The prepared dataset for model training is summarized in Table 2 and some samples of chest X-ray images from the created dataset are shown in Figure 1. COVID-19 sufferers’ lungs are spotty and cloudy, as seen in the images, when contrasted to normal, healthy lungs. Additionally, on the lower lobes and periphery of the lungs several distinctive features can also be seen [43].

3.2. Architecture of Deep Transfer Learning

CNNs are a type of deep neural network (DNN) used for image recognition [44]. To build a CNN model, inputs must be transformed into a CNN-friendly format. Frequently images are viewed as matrices. During training, the model tries to understand the differences between the categories, which helps it predict the labels on unknown images. CNN uses three layers to efficiently accomplish its function: convolutional, pooling, and fully connected (FC). The convolutional layer with pooling extracts the most distinct characteristics. The fully connected layers handle the classification task.

However, training the CNN from scratch takes a significant amount of time and data to achieve the requisite accuracy. Given the scarcity of available images, we chose to start with a model trained on an extensive dataset and transfer weights [45, 46]. This will eliminate the bottleneck associated with feature extraction in our CNN training. All that is required now is to adjust the final classification layer to one that is appropriate for the image classification challenge at hand. In the current work, we chose three well-established CNN architectures that have attained state-of-the-art performance and were pretrained on the ImageNet [47] dataset, which contains 1.4 million annotated images classified into 1000 classes. The chosen architectures, ResNet34, ResNet50, and ResNet101, were used for the classification of COVID-19 chest X-ray images to binary classes (COVID-19 and normal (healthy)). Additionally, we used a transfer learning technique that was implemented using the ImageNet dataset to overcome the limitations of insufficient data and training time.

Figure 2 shows the schematic representation of conventional CNN including pretrained ResNet34, ResNet50, and ResNet101 models for the prediction of normal (healthy) and COVID-19 classes from chest X-rays.

3.3. ResNet

The residual neural network (ResNet) model [48] is an upgraded version of the convolutional neural network (CNN) (Figure 3). Unlike all other publicly available CNNs, ResNet incorporates residual (skip) connections between layers, avoiding the vanishing gradient problem that happens as the network becomes more extensive and complicated. Additionally, bottleneck blocks are employed in the ResNet model to accelerate training [49].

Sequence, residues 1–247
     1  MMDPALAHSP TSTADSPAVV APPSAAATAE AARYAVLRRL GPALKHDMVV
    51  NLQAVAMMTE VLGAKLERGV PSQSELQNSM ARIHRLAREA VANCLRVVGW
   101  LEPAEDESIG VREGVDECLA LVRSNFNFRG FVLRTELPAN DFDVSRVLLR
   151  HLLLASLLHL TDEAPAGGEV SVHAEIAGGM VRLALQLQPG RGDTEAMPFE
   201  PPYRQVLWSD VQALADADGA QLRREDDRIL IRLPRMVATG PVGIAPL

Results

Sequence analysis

ResNet comes in a variety of variations that all operate on the same principle but have a variable amount of layers (Table 3). The terms ResNet34, ResNet50, and ResNet101 refer to variations that work with 34, 50, and 101 neural network layers, respectively.

3.4. Model Training

ResNet34, ResNet50, and ResNet101 were trained using the FAST AI package built on top of PyTorch. The training was conducted on an NVIDIA Quadro P1000 GPU with 32 GB RAM. The training begins at a learning rate of 0.001. We employed the Adam algorithm [50] as an optimizer. We originally set up the training to 100 epochs. However, if the validation loss does not constantly reduce over a lengthy period, the process will terminate prematurely. The batch size was 16 to avoid the memory exhaust. The model’s performance is evaluated by applying the model to the test dataset. We used NumPy, OpenCV, scikit-learn [51], and other open-source tools for further processing and analysis.

3.5. Performance Metrics

The confusion matrix is a table that describes the accuracy of classification task [52]. It also shows the evaluation metrics such as true positives (TP), false positives (FP), false negatives (FN), and true negatives (TN). Each of them is defined as follows.(i)True Positives (TP): These are number of images in which we predicted the class (COVID or normal), and they do belong to the predicted class.(ii)True Negatives (TN): We predicted that the images do not belong to a class and they actually do not belong to the class.(iii)False Positives (FP): We predicted a class, but the images do not actually belong to the predicted class (also known as a “type I error”).(iv)False Negatives (FN): We predicted that images do not belong to a class, but they actually belong (also known as a “type II error”).